Concord Presbyterian Church Cemetery

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Contents

Cemetery Web site

Cemetery Web site Number 2

A brief history as told by Mr. George Steiner, a parishioner, and a member of DANK, a German-American group:

"Concord Presbyterian Cemetery is one of many located along Brownsville Road. At the time it was founded (probably in the 1840s, judging from some of the stones) only a few farms existed in the Carrick area. Most of the population lived in Birmingham (South Side). The families buried in the cemetery gave their names to many of the streets in the Carrick/Knoxville area, eg, Nobles Lane, Stewart Street."

"The cemetery was vandalized a number of years ago. (You can see the repairs that had to be made to erect the stones after they were knocked over.) It's possible some of the stones are not in their original locations. The rear section of the cemetery is filled in by broken gravestones. You can see partial names, dates, etc."

Among other famous Carrick residents it was also the burial site of John Maugridge Snowden, mayor of Pittsburgh 1825-1829 and namesake of Snowden Township, later renamed South Park Township.

Link to the South Park Historical Society

The following information was supplied by John L. Snowden:

My name is John L. Snowden. My Great-Great-Great-Greatgrandfather is buried at the Concord Presbyterian Church. My father Don added a maker there a few years ago.

Title: Centennial volume of the First Presbyterian Church of Pittsburgh, PA., 1784-1884. Imprint: Pittsburgh : Wm. G. Johnston & Co., Printers, 1884. Physical Extent: 259 p. : ill. ; 23 cm. This book may be found on line at: Link to Centennial volume of the First Presbyterian Church of Pittsburgh, PA., 1784-1884.

From pages 200- 203

SOME EMINENT ELDERS OF THE FIRST CHURCH

The Rev. Dr. James Allison, a member of the First Church during his course of study at the Theological Seminary, and who has good reason for continuing his interest perpetually, in view of the excellent life companion he found there, (a daughter of that most useful elder and admirable citizen, Judge Snowden,) and who worshiped with the church during some years after he became editor of the Presbyterian Banner, appeared with the greatest propriety in the pulpit he had so well known during the last two pastorates and a portion of Dr. Herron's and which he has been always so ready to assist every good work, to aid the occasion with the admirable paper which follows:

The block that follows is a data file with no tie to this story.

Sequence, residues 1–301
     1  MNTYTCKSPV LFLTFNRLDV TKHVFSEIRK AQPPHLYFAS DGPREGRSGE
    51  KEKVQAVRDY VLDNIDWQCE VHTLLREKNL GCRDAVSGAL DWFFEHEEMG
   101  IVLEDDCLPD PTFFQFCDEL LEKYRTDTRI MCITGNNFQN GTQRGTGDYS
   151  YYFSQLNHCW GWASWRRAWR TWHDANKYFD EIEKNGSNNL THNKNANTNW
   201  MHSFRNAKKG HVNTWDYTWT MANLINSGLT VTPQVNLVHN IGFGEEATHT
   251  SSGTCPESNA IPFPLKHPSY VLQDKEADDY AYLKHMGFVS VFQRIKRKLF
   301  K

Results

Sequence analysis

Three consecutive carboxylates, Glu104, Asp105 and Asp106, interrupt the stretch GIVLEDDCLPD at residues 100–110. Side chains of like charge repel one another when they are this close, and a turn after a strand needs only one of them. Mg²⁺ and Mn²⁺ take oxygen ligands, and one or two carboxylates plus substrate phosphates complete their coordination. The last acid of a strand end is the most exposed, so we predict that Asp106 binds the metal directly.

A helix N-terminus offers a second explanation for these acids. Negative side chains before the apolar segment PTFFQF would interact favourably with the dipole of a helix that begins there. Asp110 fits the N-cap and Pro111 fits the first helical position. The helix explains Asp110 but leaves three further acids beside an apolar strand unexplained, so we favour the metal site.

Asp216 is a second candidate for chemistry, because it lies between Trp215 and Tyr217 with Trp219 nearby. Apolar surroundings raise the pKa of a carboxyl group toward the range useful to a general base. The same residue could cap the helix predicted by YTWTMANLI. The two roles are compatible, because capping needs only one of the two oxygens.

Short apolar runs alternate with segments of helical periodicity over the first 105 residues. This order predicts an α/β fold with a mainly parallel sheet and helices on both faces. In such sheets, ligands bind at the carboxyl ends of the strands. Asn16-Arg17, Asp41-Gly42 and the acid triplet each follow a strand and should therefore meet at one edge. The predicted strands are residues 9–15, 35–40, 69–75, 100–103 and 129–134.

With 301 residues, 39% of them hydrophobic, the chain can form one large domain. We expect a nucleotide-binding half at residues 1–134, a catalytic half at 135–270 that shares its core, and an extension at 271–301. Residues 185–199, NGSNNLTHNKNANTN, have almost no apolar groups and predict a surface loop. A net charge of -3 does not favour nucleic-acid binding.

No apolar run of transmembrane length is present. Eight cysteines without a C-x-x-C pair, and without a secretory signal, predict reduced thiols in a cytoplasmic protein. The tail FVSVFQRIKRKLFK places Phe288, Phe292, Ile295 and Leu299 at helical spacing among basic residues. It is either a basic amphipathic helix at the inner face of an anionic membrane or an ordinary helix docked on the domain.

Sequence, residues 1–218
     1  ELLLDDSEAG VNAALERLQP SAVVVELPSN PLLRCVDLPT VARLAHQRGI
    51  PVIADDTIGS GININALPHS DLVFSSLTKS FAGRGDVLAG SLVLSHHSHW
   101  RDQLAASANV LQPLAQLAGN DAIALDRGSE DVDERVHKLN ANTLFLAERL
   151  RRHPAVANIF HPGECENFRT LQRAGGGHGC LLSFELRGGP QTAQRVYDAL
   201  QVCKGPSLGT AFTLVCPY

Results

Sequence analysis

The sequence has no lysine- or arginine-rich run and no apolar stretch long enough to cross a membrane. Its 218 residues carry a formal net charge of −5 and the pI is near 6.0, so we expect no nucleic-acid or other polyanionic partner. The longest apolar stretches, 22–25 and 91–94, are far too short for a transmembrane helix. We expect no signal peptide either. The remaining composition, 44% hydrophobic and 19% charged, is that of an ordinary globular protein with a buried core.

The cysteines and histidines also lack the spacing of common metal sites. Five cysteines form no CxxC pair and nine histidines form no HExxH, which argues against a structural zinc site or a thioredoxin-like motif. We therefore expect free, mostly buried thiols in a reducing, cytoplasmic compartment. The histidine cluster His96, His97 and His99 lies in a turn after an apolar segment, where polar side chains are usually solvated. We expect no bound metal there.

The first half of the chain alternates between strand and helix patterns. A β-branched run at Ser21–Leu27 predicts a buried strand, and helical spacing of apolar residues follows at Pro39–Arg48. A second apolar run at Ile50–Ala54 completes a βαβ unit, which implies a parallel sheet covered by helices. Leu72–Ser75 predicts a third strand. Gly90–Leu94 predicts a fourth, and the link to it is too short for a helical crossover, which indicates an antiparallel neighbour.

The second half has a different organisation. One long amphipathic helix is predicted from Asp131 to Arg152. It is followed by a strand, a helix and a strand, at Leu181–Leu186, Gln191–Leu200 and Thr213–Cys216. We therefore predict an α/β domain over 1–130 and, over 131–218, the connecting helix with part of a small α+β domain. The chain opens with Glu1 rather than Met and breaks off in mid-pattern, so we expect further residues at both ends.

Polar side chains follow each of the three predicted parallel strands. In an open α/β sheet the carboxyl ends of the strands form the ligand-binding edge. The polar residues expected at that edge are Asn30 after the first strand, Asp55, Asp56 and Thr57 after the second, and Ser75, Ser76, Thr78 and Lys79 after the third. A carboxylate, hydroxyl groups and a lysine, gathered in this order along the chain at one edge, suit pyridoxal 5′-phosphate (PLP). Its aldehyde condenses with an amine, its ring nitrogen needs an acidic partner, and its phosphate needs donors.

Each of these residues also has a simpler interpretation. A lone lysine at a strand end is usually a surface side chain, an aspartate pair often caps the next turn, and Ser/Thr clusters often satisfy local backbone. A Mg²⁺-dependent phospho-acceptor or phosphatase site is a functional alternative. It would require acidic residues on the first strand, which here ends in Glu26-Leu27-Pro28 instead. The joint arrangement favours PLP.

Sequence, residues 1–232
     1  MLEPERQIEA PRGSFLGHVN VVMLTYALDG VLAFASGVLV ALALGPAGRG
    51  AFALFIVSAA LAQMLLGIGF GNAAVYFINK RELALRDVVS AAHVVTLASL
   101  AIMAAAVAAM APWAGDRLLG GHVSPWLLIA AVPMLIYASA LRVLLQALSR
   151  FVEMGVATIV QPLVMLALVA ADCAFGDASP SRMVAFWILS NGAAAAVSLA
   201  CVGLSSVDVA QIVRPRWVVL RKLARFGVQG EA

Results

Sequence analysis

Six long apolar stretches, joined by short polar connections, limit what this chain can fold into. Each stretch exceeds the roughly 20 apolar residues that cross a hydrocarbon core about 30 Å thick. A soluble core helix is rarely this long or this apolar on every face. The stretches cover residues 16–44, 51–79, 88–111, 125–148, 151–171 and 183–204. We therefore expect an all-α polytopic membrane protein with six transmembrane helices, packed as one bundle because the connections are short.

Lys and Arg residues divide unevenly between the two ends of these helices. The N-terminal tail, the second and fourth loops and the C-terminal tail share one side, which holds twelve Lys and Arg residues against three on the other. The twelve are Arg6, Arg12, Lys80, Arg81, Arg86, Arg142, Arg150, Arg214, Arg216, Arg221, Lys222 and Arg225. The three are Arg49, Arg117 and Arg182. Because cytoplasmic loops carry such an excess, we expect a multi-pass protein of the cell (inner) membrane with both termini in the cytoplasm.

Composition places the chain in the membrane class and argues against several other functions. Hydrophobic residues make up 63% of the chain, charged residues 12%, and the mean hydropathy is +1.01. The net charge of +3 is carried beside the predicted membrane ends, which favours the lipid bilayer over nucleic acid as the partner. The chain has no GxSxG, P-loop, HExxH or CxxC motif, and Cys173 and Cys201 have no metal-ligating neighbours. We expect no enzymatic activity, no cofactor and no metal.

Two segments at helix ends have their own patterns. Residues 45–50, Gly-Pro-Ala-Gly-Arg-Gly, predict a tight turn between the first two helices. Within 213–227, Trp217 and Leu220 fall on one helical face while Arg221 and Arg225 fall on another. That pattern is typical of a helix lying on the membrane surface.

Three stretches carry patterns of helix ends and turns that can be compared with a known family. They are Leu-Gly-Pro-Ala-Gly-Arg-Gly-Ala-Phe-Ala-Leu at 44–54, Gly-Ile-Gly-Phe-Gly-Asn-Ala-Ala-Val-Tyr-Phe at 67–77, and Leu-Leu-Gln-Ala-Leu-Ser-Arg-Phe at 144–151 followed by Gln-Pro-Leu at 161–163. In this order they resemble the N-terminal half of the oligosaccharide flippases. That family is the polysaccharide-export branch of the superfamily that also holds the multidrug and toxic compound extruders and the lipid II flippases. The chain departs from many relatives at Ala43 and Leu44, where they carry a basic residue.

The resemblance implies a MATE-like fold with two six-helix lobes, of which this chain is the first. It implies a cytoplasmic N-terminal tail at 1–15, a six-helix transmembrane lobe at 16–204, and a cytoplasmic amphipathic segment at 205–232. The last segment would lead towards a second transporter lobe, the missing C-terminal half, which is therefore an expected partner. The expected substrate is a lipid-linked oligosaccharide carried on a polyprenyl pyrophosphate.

The duty of preparing brief sketches of the lives and characters and labors the three elders of this church, has been assigned to me. Each one of them had a marked individuality Each one of them occupied a sphere in life, different from the one occupied by the other two; but they were, alike in the estimation in which they, were held by the people, in their attachment this church and in their love to the King and Head of the Church Universal: and their memories are precious heritages, not only to this church, but also to this community, and should carefully preserved for the benefit of those who are to succeed, the present generation.


JOHN MAUGRIDGE SNOWDEN

The oldest of them in age and the first one of them connected with this church, was the Hon. John Maugridge Snowden. Shortly after the first settlement of Virginia, a large family, by the name of Snowden came to that colony. The Snowdens of New York and Pennsylvania are descended from the Snowdens who came from Virginia about the year 1663. William Snowden who was the great ancestor of John M. Snowden, owned land in what is now Philadelphia in 1669, thirteen years before arrival of William Penn. His son, John Snowden, was born there in 1685, and was one of the founders of the First Presbyterian Church of that city. Isaac Snowden son of John, was one of the founders of the Second Presbyterian Church of the same city.

John Maugridge Snowden, better known as John M. Snowden, was born in Philadelphia, in 1776. His father (William Snowden) was a sea captain, and entered the service, of the Continental Congress at the beginning of the Revolutionary War, was captured by British, and died in one of the "prison ships." His mother was a woman of wonderful energy, of a high order of intelligence, great force of character, and most ardently devoted the cause of American Independence. Not only did she assume the support of her three sons and two daughters, disdaining to receive assistance from her Tory relations on the side of her parents, but she performed a difficult and dangerous part that her country, for which her husband bad died, might be free. She was the trusted friend of General Washington, and from her he received, by means of trusted messengers, his knowledge from time to time, of the numbers and operations of the British while they held Philadelphia.